I love Thai food.
It’s reasonably healthy and it’s delicious. Thai food also is quite affordable, especially when considering the rich diversity of fresh ingredients and quality of care which goes into preparing each meal. For slightly more than the cost of a hamburger and fries (gag reflex!), many Thai restaurants offer affordable lunch specials which are far better for you, taste good, and include lots of variety. Lunch specials often run $7-10. Dinners usually cost only a few dollars more. Talk about a bargain.
A new Thai restaurant seems to open up here in Las Vegas just about every week. According to one estimate, there are more than 200 Thai-themed restaurants in the city. No other ethnic food has enjoyed such a rapid rise in popularity, not just here in Las Vegas, but just about everywhere across America. Twenty years ago, only a handful of Thai restaurants existed. Now, many American tastes are just as familiar with Pad Thai and Pad See-Ewe as pizza and fried chicken.
Ranking the best ten Thai restaurants in the city is quite difficult. First, there are so many of them. I estimate that I’ve only tried perhaps 60 to 70 Thai establishments (many more, if other cities are included), so my local rankings are admittedly incomplete. Accordingly, popular websites such as Travel Advisor and Yelp can be excellent indicators of quality and consistency. Rarely do the consensus rankings get it wrong.
Let’s do this “top ten countdown” in reverse order. Here are my top ten Thai restaurants in Las Vegas.
All this stuff you hear about Americans not wanting to go to garage sales, preferring to stay at home, is a lot of bullshit.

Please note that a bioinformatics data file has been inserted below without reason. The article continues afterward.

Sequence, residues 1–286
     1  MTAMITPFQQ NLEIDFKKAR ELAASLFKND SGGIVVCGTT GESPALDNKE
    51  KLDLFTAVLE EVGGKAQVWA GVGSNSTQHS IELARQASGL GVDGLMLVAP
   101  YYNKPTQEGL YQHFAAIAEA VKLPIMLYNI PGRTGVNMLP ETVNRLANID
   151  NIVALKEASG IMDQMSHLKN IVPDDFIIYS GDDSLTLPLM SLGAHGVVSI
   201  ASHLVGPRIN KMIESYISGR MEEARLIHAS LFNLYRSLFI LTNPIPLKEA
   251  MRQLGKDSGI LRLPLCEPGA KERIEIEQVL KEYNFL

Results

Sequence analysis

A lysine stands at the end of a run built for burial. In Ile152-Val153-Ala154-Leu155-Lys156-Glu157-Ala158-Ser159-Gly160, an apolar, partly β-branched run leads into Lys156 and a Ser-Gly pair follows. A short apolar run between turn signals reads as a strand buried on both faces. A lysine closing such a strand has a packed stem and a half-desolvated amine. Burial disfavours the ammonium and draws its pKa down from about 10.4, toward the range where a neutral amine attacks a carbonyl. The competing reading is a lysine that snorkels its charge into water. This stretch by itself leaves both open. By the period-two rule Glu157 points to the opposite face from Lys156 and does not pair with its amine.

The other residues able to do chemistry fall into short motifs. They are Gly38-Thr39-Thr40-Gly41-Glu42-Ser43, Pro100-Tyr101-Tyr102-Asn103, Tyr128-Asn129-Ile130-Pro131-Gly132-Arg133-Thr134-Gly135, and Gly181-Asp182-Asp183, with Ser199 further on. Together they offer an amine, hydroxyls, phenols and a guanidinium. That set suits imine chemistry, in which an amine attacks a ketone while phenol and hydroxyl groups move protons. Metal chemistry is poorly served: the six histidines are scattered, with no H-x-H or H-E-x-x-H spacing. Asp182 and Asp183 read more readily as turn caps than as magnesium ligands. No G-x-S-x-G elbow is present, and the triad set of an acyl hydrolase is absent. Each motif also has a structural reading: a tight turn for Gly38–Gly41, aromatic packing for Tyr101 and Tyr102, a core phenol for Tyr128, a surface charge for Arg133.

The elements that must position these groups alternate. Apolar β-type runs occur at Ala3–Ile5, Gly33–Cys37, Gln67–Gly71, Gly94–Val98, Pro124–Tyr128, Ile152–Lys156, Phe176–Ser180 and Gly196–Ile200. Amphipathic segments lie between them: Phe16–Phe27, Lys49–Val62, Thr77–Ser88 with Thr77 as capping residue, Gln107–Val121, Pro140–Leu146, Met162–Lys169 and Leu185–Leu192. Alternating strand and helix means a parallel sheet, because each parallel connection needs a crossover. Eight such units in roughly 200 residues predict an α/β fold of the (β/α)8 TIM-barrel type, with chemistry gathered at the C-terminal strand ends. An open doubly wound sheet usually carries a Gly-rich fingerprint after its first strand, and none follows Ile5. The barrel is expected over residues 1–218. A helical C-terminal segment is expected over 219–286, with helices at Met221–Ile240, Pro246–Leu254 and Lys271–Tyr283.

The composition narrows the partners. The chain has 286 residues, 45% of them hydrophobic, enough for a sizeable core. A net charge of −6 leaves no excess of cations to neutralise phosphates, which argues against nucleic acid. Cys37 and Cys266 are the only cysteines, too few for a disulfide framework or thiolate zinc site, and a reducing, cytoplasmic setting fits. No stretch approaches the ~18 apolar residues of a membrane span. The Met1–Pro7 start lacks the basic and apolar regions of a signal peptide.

Fact is, we love garage sales. All real Americans love the sting and clash of getting a bargain. We love the art of the hustle.
When you were kids, you all admired the champion marble shooter, the fastest runner, the big-league ball player, and the toughest boxer. Americans love a winner and will not tolerate a loser. Americans play to win all the time. That’s why Americans have never lost and will never lose a war — except for Vietnam, Afghanistan, and Iraq. The very thought of losing is hateful to Americans. Even shameful.
Garage sales are the most significant battle in which we can indulge. It brings out what is best in us.
I usually let things slide. Especially in the service industry.
It’s perfectly understandable that some people have a bad day. Or, an employee has a personal issue and can’t fully concentrate on his job. Occasionally, things just go wrong — and it’s best to simply let it go.
No more. Not this time.
Once again, the M Casino Race and Sportsbook (Cantor Gaming) in Las Vegas provided yet more evidence that they’re quite possibly the most unprofessional staff in the entire city. I’ve visited lots of Las Vegas sportsbooks over the years, so that’s really saying something.
Could the new SLS Las Vegas be the latest casino flop, a la Atlantic City’s Revel?
Just weeks after a garish and glittery opening over Labor Day weekend — which attracted plenty of Hollywood celebrities, at least one big-time rock star, and rave reviews from the fawning local and gambling press desperate to put positive spin on languishing hopes for the long-awaited transformation at the northern end of The Strip — SLS Las Vegas appears to be in serious trouble. Already.
The problem: No one’s going there.
(Photo: At the 2002 World Series of Poker….with no grey hair yet)
Here’s another sampling of my private collection of poker photography.
All of my snapshots were taken between the years 1997 and 2003. They were locked inside a file cabinet for more than a decade. Now I think is a good time to share these images with those of you who enjoy looking back on the game’s history. With the 2014 world championship November Nine as well as the Poker Hall of Fame announcement and induction ceremony coming soon, let’s now take a look back on some of poker’s best.
Read my original display of classic photographs here: POKER HALL OF FAME: PAST AND PRESENT (A PHOTO ESSAY)
Accompanying each photo, I’ve added some personal thoughts as to what I remember about the photos and the people in them, when they were taken.